The last University Students’ Council meeting of 2019 had a last minute item added to its agenda: a discussion about the student union’s decision not to send a letter of support requested by Divest McGill on the topic of divestment.
The student-led group Divest McGill has been lobbying McGill University for seven years, asking for them to stop investing in the fossil fuel sector. The letters of support they requested from students’ unions across the world were meant to give them leverage ahead of a vote on divestment by their Board of Governors.
The discussion on Dec. 5 was proposed by council member Sarah Foley, an Arts and Science representative, and it was the first time the topic has come up at the council. The decision regarding the letter was made at an executive meeting back in October and included in the USC package mailed weekly to all councillors.
When the Sheaf reported on the topic in November, the University of Saskatchewan Students’ Union’s comment was that “at the moment, [they were] doing some more research on the topic and will discuss it once [they] receive more information.”
USSU president Regan Ratt-Misponas said the same thing in response to Foley’s questions.
“It’s something that we are still exploring,” Ratt-Misponas said. “We wanted to ensure that we weren’t being hypocritical, and we wanted to research where we are at in terms of sustainability as a campus before we move anywhere else and tell another campus what they can and cannot do in terms of their own sustainability.”
The executive’s approach to the situation remains to gather more information at the local level. USSU vice-president finance and operations Jamie Bell explained at the meeting that he has reached out to the university to meet and discuss their investment portfolio.
Bell adds that this discussion with the university should happen before “assuming that they have investments in fossil fuels.”
The Sheaf’s request for comment on the U of S investment portfolio as it relates to fossil fuels was answered by Greg Fowler, vice-president finance and resources. In it, he communicates that “given that the university is based in a highly resource dependent province … the university is “moving toward engagement rather than a divestment focus” and “focusing more on environmental, social and governance factors in our responsible investing strategies.”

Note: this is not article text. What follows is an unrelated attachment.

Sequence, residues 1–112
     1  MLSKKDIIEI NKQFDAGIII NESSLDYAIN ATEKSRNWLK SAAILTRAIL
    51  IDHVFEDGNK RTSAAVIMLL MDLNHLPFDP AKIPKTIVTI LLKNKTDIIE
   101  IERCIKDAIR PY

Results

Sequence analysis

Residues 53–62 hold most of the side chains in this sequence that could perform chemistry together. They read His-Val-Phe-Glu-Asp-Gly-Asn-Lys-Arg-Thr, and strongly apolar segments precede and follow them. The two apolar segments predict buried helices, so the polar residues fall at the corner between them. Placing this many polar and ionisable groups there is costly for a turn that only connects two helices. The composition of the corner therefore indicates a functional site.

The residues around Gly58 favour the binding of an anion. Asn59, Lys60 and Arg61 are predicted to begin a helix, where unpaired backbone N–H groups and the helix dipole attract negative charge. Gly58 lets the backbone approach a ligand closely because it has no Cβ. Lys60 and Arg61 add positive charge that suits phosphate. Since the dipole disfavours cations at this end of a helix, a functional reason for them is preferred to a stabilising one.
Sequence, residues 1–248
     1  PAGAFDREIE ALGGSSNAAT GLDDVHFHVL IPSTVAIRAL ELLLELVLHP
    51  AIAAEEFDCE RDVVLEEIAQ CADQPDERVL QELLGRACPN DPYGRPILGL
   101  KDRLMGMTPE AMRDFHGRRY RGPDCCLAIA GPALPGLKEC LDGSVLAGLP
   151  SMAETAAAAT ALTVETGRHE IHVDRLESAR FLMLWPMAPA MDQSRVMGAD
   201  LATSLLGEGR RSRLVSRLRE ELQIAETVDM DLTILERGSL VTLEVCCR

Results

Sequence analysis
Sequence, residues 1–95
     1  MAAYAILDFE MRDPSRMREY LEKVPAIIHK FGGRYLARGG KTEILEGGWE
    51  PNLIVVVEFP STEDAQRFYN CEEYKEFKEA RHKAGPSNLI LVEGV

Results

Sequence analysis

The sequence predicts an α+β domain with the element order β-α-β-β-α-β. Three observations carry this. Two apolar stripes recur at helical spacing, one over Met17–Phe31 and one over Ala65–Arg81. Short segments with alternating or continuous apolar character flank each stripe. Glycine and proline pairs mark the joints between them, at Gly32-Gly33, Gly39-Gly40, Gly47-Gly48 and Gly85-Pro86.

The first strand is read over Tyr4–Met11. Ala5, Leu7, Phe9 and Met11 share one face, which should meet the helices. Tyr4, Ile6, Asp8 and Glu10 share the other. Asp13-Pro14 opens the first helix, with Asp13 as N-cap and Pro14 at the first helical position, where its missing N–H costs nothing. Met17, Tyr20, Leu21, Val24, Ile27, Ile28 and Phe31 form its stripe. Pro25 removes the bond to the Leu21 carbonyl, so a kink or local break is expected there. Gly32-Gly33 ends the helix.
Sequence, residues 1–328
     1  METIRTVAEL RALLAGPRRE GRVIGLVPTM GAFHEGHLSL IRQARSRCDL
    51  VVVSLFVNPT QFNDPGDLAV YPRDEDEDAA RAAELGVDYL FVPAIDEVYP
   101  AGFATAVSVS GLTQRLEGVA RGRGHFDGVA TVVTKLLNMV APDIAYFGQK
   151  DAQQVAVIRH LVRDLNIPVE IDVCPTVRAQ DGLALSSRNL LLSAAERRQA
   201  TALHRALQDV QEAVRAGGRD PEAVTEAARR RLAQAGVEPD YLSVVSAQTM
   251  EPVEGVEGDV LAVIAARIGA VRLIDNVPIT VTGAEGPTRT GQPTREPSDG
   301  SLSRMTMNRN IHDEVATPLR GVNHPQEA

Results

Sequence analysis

Foley says that although further research on the university’s portfolio is necessary, it does not mean the executive’s decision was the right answer.
“I realize that it’s a very complex issue but I also do think that if we are asked for a letter of support for something that supports sustainability, whereas divestment might not be right for us, supporting a significant movement is important,” Foley said.
Another student councillor asked the executive to take decisions such as the letter of support to council instead of deciding on their own “because there are many different opinions that might be nice to hear.” Ratt-Misponas agreed to this request.
In an email to the Sheaf, Foley adds that although the decision was made by the executive, the information was available in the USC package for the councillors to bring up.
“The USC and the USSU have good communication practices — the decision was reported to Council in the Executive Committee minutes and reports,” Foley said. “There are opportunities in each meeting for councillors to make motions regarding the minutes and reports.”
Despite the talk of pursuing the topic further in the new year, the discussions about sending a letter of support after all came too late. On Dec. 5, the McGill Board of Governors voted against divesting from the fossil fuel sector. However, the conversation at the U of S continues as the USSU executive reports an interest in pursuing the topic further for future decisions.
“I ask that a member of our staff do a little more research into divestment and revisit it in the new semester,” Ratt-
Misponas said. “I agree with the spirit of a letter of support, but we want to make sure we are on the right path in terms of our own combat of climate change.”
Ana Cristina Camacho/ News Editor
Photo: Victoria Becker/ Photo Editor